4. 4. 4 After the Steering Committee was formed, the following Design Model was followed. THE DESIGN MODEL Twenty Awareness Heightening sessions were held with employees – each session 8 hours in duration. These sessions were vital in helping instill the case for change. Of 2300 total employees, nearly 1000 volunteered to get
  5. 5. 5 involved in the process on either Design or Study Teams! A subsequent session was then held for each functional area, attended by all the volunteers for that function. They were given training in giving/receiving feedback and then proceeded to select their Design Team from amongst themselves, after agreeing on what representation meant to them. A ground- breaking event which signalled the company was serious about doing things differently. In this manner all 21 Design Teams were selected. Volunteers not selected became candidates for Study Teams in the future. The first task of the Design Teams was to help develop the Company’s Values. A well defined process was followed that was highly participative and took about 6 months elapsed time, culminating in a 3-day meeting between the Central Design Team and the Steering Committee. Each statement was thoroughly debated, resulting in a high level of shared understanding for the resulting final Values Statement. This became the nucleus of the entire redesign. Each Design Team then began to Identify & Prioritize Opportunities. This started with a scan of each area, mapping out the process flow, identifying key variances and gaps to the Values, and generally highlighting competitive gaps and business opportunities. At this point a Visioning Session was convened, as outlined below. KEY ELEMENTS OF A VISIONING SESSION Start off with: A senior management presentation outlining required organizational capabilities and compelling business reaons; A review of current processes and inherent shortcomings; Forming 2 groups: each identifies the required characteristics of an organization that would satisfy the mandated capabilities. Next, in a plenary session, merge the two visions: Referring to the merged vision, identify initiatives that must be fulfilled to achieve the desired state; Form a small group for each identified initiative to create an action plan including: o Expected outcomes; o Resources required to fully develop the initiative; o List of dependencies for the initiative to be successful; o Timeline for completion.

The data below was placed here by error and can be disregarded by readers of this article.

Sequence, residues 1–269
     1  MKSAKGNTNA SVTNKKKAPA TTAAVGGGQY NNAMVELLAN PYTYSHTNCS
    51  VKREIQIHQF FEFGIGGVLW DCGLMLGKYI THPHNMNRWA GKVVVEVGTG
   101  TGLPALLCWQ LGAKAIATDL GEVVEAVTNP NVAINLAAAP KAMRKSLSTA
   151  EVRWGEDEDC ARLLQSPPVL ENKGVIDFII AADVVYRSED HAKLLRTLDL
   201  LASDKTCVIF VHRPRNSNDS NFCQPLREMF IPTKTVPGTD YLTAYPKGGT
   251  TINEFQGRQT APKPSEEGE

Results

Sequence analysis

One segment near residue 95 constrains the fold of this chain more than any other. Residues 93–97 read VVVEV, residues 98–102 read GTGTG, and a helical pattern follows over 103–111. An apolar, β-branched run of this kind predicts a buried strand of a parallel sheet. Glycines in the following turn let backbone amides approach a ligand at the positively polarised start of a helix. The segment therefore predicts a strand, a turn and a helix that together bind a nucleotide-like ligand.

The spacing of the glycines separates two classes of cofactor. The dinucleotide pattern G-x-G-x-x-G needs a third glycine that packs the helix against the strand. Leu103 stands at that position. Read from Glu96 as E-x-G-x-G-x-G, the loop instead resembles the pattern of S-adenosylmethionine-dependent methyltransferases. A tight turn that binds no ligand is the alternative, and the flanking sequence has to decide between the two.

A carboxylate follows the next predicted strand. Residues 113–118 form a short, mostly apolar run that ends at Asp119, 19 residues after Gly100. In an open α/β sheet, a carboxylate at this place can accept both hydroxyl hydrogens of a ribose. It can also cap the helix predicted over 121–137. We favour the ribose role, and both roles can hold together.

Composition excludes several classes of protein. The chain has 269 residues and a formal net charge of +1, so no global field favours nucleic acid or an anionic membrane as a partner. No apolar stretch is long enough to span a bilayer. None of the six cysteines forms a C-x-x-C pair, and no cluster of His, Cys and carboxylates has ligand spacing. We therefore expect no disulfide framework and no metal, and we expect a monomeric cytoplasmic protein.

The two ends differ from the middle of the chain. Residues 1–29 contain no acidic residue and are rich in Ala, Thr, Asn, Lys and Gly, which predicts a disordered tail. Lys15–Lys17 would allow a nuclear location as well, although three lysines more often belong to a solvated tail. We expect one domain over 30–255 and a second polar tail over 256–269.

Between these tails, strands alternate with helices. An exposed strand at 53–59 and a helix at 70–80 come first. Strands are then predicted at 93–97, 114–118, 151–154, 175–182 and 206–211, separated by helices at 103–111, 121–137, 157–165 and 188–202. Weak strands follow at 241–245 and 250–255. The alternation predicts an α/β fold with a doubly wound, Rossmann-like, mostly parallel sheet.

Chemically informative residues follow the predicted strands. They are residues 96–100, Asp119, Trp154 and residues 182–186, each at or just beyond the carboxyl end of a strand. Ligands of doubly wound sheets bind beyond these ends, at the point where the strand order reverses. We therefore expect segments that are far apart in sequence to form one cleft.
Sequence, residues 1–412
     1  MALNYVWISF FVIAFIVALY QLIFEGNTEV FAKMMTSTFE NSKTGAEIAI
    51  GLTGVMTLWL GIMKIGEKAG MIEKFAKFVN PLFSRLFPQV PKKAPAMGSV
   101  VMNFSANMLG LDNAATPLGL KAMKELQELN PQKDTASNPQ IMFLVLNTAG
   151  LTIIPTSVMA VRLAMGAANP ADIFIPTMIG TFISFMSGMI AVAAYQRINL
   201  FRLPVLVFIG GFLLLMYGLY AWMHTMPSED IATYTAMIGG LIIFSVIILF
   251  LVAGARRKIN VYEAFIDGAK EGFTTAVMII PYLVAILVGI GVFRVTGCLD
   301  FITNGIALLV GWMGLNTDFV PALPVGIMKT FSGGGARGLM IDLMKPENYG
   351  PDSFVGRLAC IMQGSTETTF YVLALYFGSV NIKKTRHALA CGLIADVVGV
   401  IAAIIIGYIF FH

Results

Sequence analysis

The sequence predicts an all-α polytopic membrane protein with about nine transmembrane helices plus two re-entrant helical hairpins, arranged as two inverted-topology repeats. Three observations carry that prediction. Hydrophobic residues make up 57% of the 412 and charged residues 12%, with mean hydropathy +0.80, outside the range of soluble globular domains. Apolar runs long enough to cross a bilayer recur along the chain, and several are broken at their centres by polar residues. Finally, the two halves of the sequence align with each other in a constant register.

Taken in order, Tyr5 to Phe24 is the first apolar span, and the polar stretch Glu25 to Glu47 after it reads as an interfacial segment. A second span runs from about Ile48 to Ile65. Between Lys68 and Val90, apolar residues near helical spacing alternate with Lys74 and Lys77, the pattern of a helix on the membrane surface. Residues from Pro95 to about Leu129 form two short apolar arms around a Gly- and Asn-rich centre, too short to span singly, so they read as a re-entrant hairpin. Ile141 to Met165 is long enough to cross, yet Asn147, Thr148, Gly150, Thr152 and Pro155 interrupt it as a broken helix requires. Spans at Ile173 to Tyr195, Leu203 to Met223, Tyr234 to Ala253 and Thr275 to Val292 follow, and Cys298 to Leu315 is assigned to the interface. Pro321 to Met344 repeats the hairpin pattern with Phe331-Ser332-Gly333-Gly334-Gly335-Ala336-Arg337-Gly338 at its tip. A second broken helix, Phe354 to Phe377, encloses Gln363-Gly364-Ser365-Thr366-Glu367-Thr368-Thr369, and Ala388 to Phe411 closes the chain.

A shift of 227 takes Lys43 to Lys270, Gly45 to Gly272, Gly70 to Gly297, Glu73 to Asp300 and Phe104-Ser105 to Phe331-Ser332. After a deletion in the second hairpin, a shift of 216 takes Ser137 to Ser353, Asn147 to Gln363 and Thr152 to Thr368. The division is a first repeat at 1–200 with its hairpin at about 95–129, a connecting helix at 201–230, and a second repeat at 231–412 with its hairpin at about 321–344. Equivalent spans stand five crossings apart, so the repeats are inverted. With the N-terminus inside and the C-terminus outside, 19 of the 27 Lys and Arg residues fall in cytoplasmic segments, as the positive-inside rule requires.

6. 6. 6 Form Study Teams to complete the design and establish an implementation, monitoring and follow-up process. These sessions took one to three days, depending on the complexity of the area being redesigned and were attended by 20 to 35 people of various disciplines. Through a number or tightly facilitated plenary and small group exercises, the ‘objective’ redesign questions, based on data collected during the scan , were addressed – such as: What are the conditions which must exist to reduce o Manufacturing Cycle Time from 5 days to 8 hours? o Defects by a factor of 3, and o Maintenance response time from 30 to 5 minutes? This led to identification of a series of initiatives to be dealt with by additional Study Teams. Rather than go through the process of detailed variance analysis, a quick check was done to ensure all key variances were addressed within the initiatives cited. If not, adjustments were made. These initiatives fell into a number of categories. Many were technical in nature, such as equipment layout and process modifications, along with one titled JOB REDESIGN. The elements covered in job redesign included identification of: Skills, information and authorities required for rapid response; Necessary resources: tools, people; Non-Value added steps in methods and procedures; Policies and practices consistent with the Company’s Values; Administrative and leadership functions to be transferred to work teams to support self-sufficiency; Roles of management and support staff; Equipment layout revisions to support the work team concept. Social issues were also highlighted during the Visioning Sessions. These were augmented through an exercise whereby all employees were involved in listing issues of non-compliance with the Values. This approach was considered superior to using the general sociological variables of GAIL (Goal Attainment, Adaptation, Integration, Latency) as a reference, because it utilized the self-developed Values of particular significance to this organization. The social items were addressed by the Job Redesign Study Teams.